“Then Judas, which had betrayed him, when he saw that he was condemned, repented himself, and brought again the thirty pieces of silver to the chief priests and elders”
Matthew 27:3


Rembrandt van Rijn, “Judas Returning the Thirty Pieces of Silver”, 1629

May be, because we live in an epoch of money-monarchy where the alchemy humans practice transforms life into money, some of us are inclined to be critical of the financial totalitarianism and even feel a slight skepticism about Matthew’s 27:3 story. Of course, this skepticism in no way means that it is possible to doubt the Matthew’s truth. The doubt can be related only to the importance of the returning of the money. First of all, Judas “ saw, that he was condemned, and he didn’t want to be hated by the people and, god forbid, to lose eternal life and so on, and for this “noble” reason decided “to restore back the benefits from God. Secondly, for people who as we see today “making business” all the times risk is part of the game – “Today I won, tomorrow I lost and day after tomorrow I will try to win again!”, etc. That’s how some people have always lived and especially today much more people live like this with much more intense, insistent and “productive” dedication.) In this sense Judas is far from being original. Manipulation of people and circumstances through money always includes betrayal of somebody.

And still, the reality is reality and to return thirty pieces of silver is, indeed, not easy. Observing today’s people making life through making money (as if permanently buying their living, every day, every hour, every minute) we understand the predicament of Judas – his sweet hopes and its catastrophe and his acceptance of the inevitability of losing money for the sake of larger/bigger benefits – there is Eternity – yes, life sometimes is very tough.

Triviality of Judas’ behavior is the point here – betrayal for the sake of self-enrichment and courageous and shame-eating decision to return the money (for the sake of his own benefit again) makes the whole event not interesting enough. The semantic punctum is that the return of money is even worse than the getting it. It’s like the second of two betrayals – this time it’s betrayal of his chance of becoming rich. Two betrayals do not work against one another, to the contrary, they add to each other. Judas ends with being judged as a double betrayer – of the sacred belief and the importance (for many people – “sacredness” of self-enrichment). In other words, Judas is left with nothing. Of course, somebody will say that he returned himself eternity. But what kind of eternity can it be for Judas? Just to sit and think about his two betrayals. Today, for example, nobody will be left with such an idiotic result. Modern billionaires always will be left with financial eternity (Watch Fassbinder’s “The Third Generation”).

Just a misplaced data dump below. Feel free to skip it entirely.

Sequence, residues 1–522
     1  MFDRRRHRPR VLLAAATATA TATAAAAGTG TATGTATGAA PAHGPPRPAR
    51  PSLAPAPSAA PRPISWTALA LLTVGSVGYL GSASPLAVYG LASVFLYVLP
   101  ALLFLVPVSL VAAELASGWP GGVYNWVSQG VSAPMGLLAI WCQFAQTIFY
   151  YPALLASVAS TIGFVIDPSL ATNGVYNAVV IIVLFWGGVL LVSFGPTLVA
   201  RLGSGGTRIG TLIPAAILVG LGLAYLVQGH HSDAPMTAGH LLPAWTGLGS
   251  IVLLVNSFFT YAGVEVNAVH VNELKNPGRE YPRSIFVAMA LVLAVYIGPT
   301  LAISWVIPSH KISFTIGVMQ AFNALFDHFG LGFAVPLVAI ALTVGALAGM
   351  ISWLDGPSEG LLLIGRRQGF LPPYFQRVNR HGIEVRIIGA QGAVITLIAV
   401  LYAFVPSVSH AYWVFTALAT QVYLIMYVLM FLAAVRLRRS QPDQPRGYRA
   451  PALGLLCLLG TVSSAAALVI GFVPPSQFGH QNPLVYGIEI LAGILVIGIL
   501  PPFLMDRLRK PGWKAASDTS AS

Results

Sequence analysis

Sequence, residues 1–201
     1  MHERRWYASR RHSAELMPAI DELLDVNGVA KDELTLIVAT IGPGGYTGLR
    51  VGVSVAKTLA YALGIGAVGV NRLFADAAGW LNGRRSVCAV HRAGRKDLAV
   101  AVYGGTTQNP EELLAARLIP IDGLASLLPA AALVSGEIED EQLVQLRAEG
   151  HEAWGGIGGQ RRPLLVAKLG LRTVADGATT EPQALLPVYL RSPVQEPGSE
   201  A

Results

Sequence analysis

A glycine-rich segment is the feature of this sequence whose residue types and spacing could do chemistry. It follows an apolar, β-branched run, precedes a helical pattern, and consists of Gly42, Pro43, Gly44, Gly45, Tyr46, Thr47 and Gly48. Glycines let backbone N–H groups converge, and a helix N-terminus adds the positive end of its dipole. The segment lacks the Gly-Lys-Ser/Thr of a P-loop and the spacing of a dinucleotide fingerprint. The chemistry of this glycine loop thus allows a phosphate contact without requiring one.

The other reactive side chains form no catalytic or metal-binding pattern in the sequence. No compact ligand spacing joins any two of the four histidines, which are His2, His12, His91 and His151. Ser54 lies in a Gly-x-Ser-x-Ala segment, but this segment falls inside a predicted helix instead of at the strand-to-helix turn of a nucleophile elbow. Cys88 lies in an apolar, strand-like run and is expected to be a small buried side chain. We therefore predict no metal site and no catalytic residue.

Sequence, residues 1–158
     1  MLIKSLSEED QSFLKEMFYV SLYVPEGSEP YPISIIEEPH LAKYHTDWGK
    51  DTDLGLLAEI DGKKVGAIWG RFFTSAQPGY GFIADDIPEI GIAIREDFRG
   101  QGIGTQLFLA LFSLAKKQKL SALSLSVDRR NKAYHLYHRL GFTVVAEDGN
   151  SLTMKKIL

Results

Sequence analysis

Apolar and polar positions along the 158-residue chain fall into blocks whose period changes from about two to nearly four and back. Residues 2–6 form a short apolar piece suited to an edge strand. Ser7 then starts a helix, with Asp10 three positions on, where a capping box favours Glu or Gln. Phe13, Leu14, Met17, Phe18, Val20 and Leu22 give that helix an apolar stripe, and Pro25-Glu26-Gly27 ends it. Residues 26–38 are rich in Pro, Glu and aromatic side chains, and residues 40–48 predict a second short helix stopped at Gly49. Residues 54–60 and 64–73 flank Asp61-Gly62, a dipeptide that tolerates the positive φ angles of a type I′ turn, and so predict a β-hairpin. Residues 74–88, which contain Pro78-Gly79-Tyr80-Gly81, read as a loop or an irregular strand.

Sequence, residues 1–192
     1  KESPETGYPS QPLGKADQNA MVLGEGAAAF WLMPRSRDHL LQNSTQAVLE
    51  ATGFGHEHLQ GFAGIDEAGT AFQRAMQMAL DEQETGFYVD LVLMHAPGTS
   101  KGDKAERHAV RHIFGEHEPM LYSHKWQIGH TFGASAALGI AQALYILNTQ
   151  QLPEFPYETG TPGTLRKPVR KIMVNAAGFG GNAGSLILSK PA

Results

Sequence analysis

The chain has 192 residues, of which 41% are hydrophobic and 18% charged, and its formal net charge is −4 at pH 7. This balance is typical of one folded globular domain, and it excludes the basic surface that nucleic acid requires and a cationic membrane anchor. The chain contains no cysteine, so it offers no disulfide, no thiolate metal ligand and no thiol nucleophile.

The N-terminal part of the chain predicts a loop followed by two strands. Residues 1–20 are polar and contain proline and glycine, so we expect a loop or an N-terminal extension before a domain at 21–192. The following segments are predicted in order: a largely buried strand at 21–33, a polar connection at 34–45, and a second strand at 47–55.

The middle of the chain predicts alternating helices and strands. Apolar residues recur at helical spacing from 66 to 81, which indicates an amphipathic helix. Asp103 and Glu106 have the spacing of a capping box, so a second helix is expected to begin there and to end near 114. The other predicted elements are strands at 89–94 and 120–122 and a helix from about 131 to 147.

Rembrandt van Rijn, “Judas Returning the Thirty Pieces of Silver”, 1629

May be, the reason that the sketch “Judas Returning…” (The first picture above) seems so inarticulate and so not clear – is that Rembrandt was a bit lost in its meaning. But in his painting (the second picture immediately above) certainty of the situation, it seems, is related to the realistic depiction of the characters and not because of what’s going on. The “High Priest” is pompous and proud of himself in both works – the sketch and the painting. But in the painting the entourage of the rabbis is, as if, confused and behave as if they want to stop Judas from returning the reward-money. It appears that they don’t feel themselves completely comfortable – they, probably, prefer Judas to feel completely responsible for Christ’s Crucifixion (to stay with/hang on to the money). Perhaps, they are now discussing that it’s too late and impossible to change the result and to accept money back. Indeed, it’s logically impossible for them to agree to repossess the money. History is not a playmate. History is playful, but it’s final. History is changeable because its steps change the reality. But it’s final because with its each step the very direction of history has been changed. Judas can return the money, but the priests cannot refuse it – they are doomed forever to keep it. Even if they throw Judas out of gates, even if they spank him or throw the money back at him history will say that he returned it.

Judas is… ahead of the “priests”. He has his will though it won’t change much for him. But they don’t have a will about what’s happened, because they are murderers, while Judas is just a betrayer. But look how arrogantly monumental are the posture of Chief Priest’s head and expression of his face. Among the other priests pretty busy with their self-aggrandizement the Priest of the priests is the most super-human. In comparison with him Judas’s final and painful humility makes him a repented sinner – just a human being.

Rembrandt (1606-1669) was only 23 when he made his sketch and painting on the topic.

Note: In the sketch (the first picture) Rembrandt has drawn a lot of impressive and sometimes controversial details, but their analysis will demand special effort in future.